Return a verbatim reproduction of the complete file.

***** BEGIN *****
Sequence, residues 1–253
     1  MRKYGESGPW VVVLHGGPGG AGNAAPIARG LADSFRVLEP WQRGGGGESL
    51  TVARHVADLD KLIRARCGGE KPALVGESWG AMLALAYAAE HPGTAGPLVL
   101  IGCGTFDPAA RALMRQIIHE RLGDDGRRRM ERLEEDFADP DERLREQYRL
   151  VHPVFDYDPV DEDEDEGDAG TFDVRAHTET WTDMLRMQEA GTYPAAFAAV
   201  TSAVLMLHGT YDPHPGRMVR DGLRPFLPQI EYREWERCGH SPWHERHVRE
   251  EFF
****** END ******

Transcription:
Sequence, residues 1–253
     1  MRKYGESGPW VVVLHGGPGG AGNAAPIARG LADSFRVLEP WQRGGGGESL
    51  TVARHVADLD KLIRARCGGE KPALVGESWG AMLALAYAAE HPGTAGPLVL
   101  IGCGTFDPAA RALMRQIIHE RLGDDGRRRM ERLEEDFADP DERLREQYRL
   151  VHPVFDYDPV DEDEDEGDAG TFDVRAHTET WTDMLRMQEA GTYPAAFAAV
   201  TSAVLMLHGT YDPHPGRMVR DGLRPFLPQI EYREWERCGH SPWHERHVRE
   251  EFF